To Look at the Stars:
An Excursion in Astronomy
You might say there is a need inside everyone to connect to the rest of the universe. Amateur and professional astronomers alike gaze up into the heavens simply to observe what can be found there. Astronomy in a structured form, academically and professionally is the study and observation of the universe( it's stars, planets, moons, galaxies, etc.) as well as the theories surrounding it's many components. According to a popular television show on the Science Network, Into The Worm Hole, as narrated by Morgan Freeman(2010) astronomy and biology have come together in the pursuit of finding life and water on planets other than our own. With the technological advances in modern times and the sheer vastness of the cosmos, now is a fascinating time to explore the dimensions of the structure and chaos from whence we came.
"On the observational side, by far the most important development has been the measurement of fluctuations in the cosmic microwave background radiation by COBE (the Cosmic Background Explorer satellite) and other collaborations. These fluctuations are the fingerprints of creation, the tiny initial irregularities in the otherwise smooth and uniform early universe that later grew into galaxies, stars, and all of the structures we see around us. Their form agrees with the predictions of the proposal that the universe has no boundaries or edges in imaginary time direction. . ." (Stephen Hawking, The Illustrated A Brief History of Time / The Universe In A Nutshell, 2008)
It was once believed that our universe existed in stagnation. Creation was merely a topic for theologians until 1929, when Edwin Hubble would change the perspective of science forever in observing that galaxies at a vast distance were moving away from us quickly. Thus began the theory that the universe is expanding into infinite space from a time where it's contents were at exactly the same point and essentially, infinite density(History of th Universe, pp. 13-14).
In the years of World War II a need for experimentation to facilitate observational needs spawned a "rapid development of technology" which gave opportunity to the astronomical community through radio waves. Relying on optical telescopes limited the availability of knowledge to early astronomers. Physics joined astronomy in the current ability to observe our universe from unfathomable distances(Giacconi, 2005).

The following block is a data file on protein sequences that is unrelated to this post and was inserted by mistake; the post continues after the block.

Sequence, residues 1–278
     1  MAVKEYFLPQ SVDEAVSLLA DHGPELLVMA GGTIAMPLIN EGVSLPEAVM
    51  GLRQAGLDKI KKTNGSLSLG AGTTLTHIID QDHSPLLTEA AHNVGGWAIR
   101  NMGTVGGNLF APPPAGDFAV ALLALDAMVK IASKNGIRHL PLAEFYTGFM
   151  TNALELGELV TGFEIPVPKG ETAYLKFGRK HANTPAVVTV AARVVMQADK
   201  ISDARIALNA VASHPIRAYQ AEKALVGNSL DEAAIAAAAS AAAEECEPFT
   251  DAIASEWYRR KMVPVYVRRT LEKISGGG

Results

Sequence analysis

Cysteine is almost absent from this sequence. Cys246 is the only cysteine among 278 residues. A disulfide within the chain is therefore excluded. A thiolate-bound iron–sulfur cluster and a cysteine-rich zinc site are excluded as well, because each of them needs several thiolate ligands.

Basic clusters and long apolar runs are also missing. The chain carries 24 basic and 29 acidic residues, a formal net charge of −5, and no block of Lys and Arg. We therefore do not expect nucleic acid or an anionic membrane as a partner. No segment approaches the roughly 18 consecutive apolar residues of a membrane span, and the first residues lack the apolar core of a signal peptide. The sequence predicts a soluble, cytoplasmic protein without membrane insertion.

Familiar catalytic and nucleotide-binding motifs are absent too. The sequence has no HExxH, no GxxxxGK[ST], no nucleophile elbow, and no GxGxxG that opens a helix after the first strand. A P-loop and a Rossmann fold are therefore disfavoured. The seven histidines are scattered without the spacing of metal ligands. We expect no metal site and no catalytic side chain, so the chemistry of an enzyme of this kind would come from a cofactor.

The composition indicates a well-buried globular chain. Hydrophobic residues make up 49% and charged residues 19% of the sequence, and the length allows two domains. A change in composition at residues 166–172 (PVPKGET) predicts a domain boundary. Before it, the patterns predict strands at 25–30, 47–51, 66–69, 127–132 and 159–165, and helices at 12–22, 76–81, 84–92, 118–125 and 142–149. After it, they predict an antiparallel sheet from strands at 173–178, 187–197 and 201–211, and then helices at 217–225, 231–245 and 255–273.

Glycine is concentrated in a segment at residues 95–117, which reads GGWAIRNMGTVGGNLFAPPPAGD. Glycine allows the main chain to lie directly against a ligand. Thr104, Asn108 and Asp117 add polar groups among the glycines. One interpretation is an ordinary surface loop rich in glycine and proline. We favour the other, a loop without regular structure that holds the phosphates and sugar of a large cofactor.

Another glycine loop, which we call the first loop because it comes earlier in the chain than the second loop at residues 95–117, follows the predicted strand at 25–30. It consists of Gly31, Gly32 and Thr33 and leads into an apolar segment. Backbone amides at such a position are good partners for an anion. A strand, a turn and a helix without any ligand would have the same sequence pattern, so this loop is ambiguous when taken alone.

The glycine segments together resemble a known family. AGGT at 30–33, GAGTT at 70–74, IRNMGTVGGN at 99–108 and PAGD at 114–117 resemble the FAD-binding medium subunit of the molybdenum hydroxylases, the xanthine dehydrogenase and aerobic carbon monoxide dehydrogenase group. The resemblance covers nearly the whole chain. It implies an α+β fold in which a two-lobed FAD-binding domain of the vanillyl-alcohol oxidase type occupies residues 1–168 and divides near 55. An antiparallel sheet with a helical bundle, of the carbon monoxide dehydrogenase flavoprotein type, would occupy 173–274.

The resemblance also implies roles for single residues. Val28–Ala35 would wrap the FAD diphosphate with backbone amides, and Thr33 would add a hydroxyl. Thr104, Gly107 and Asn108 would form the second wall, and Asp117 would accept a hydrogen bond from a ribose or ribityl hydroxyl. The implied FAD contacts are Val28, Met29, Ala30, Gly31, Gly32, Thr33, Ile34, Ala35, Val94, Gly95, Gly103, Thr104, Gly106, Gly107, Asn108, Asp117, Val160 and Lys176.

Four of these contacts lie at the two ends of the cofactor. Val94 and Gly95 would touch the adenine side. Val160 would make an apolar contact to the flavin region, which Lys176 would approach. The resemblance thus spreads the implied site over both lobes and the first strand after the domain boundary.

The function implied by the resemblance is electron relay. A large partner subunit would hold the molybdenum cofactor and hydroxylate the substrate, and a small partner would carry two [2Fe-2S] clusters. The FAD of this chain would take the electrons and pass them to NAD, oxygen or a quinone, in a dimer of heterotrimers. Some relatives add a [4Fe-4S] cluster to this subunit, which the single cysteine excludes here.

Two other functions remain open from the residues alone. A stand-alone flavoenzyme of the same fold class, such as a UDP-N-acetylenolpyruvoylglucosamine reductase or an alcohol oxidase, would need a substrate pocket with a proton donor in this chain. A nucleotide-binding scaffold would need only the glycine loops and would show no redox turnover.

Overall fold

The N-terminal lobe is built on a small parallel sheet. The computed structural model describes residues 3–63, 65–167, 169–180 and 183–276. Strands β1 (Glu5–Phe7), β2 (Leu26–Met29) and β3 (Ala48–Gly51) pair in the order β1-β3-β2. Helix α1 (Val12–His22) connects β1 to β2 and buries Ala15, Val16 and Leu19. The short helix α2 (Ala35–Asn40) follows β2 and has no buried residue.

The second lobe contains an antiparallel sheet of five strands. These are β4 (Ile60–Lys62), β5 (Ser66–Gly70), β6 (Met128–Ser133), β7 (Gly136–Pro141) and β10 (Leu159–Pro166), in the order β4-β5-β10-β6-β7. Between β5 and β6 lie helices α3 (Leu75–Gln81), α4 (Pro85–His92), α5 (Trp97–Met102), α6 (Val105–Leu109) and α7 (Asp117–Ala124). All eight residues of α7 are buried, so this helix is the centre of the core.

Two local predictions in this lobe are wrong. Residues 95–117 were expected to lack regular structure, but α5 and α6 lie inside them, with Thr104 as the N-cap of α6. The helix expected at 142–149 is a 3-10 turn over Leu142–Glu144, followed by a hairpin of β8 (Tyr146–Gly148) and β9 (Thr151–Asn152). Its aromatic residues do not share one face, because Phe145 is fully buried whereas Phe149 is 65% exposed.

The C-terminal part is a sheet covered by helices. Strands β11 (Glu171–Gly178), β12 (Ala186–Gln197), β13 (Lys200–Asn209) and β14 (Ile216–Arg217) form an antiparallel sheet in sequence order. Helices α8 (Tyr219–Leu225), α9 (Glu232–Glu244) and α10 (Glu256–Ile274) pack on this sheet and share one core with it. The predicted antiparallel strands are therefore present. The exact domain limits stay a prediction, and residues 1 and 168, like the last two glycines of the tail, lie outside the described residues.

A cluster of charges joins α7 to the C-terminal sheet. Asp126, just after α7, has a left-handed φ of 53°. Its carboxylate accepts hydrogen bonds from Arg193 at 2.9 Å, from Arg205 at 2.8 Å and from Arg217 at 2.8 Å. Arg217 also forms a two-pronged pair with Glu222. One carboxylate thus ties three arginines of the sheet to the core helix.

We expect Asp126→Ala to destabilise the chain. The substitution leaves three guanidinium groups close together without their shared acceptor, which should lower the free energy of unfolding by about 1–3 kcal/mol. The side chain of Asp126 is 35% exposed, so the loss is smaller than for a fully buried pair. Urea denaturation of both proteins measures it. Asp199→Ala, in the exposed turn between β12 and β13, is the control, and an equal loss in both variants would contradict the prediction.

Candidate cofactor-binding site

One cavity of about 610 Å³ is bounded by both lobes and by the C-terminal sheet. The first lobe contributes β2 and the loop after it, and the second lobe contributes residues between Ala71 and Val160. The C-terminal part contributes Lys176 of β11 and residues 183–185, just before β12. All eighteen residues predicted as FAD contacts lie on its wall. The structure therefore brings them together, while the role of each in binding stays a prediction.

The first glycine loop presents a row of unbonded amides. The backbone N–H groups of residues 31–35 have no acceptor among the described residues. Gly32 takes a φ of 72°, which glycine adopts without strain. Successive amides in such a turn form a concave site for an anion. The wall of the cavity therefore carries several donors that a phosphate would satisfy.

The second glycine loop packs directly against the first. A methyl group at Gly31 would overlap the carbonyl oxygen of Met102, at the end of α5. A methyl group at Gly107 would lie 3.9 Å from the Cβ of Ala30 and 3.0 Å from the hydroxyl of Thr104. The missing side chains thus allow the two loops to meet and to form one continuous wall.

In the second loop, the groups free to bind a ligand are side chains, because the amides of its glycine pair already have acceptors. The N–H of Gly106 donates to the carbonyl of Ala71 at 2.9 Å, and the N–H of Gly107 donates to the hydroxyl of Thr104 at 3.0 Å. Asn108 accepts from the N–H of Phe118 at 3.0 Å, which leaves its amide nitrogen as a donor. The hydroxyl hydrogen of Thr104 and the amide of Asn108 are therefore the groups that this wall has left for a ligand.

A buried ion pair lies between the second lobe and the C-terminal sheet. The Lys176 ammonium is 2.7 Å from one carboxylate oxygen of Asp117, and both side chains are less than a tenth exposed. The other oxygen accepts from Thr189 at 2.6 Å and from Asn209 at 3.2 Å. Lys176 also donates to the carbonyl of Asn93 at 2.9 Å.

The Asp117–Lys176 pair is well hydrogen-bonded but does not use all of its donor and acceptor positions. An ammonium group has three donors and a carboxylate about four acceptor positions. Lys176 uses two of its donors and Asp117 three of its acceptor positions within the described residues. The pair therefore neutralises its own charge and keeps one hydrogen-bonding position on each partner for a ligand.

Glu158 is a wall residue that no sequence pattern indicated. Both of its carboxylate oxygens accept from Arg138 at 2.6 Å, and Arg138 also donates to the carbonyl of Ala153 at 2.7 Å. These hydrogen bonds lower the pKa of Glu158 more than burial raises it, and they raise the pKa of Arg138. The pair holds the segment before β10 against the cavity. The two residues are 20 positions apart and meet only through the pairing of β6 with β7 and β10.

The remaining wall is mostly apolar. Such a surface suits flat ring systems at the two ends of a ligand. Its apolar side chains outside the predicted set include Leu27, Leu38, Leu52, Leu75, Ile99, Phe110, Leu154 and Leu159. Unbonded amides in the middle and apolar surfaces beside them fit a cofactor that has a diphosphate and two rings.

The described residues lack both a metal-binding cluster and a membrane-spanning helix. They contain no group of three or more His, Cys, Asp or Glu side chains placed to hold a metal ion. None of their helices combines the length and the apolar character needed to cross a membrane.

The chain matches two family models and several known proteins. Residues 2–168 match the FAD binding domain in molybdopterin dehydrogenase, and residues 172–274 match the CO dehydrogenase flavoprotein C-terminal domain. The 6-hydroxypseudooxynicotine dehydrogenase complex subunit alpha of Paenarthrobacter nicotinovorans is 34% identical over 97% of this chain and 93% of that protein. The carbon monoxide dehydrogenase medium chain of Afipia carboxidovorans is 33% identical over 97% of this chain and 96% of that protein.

The United Nations Educational, Scientific and Cultural Organization announced their plans in January of 2009 to launch The International Year of Astronomy mid-month with several programs to both educate interested parties as well as promote an interest among the masses. This recognition reads loud and clear the importance stressed by a global organization on the education of astronomy for the world(US Federal News, Dateline, 2009).
"The Year coincides with the 400th anniversary of Galileo's first observations with an astronomical telescope. It is an opportunity for people all over the world to rediscover their place in the universe by observing the sky at night and during the day. It is also intended to provide a platform for informing the public about recent discoveries in astronomy, while demonstrating the central role that astronomy can play in science education." (UNESCO Statement Release, Dateline, 2009)
In the course descriptions of the registration portion of the APUS campus for Introduction to Astronomy and Introduction to Astronomy Lab I was informed I would be given the chance to study the history of early astronomy and astronomers as well as an in-depth look of the components of the universe(stars, planets, moons, galaxies, etc). Also included in the curricula are the theories of quantum physics such as black holes and time travel.
Due to the volume of sale of his famed publications, Stephen Hawking is arguably the most recognizable figure in Astronomy of our time. Hawking was even referenced in a dirty joke in the 2008 Judd Apatow film Knocked Up. In the illustrated hard-back edition of the combined works A Brief History of Time and The Universe in a Nutshell Hawking relays how the advances in science via Albert Einstein, Isaac Newton and Galileo Galilei have shaped our present view on the cosmos, their theories as well as his own and what we have since come to call fact as well as what has yet to be either proven or disproven.
To pursue astronomy could lead to many things. In astrophysics one might use current collected data to further advance the reaches of our observational abilities. In astrobiology one might observe several solar systems in search of biological organisms and/or water. Research and publication is an option, and then there's also teaching. Whatever the outcome, one in pursuit of astronomy has the rare chance to be a part of something much grander than us all.
In conclusion, and perhaps in response to that something deep down desperate to connect to totality, I look forward to what an Introduction to Astronomy and Introduction to Astronomy Lab in December will lay out before me. Will I be captured by the fascinations of the cosmos? As is relative, only time will tell.
I'm still figuring out how to put the references in MLA format.
Constructive cfriticism is welcomed.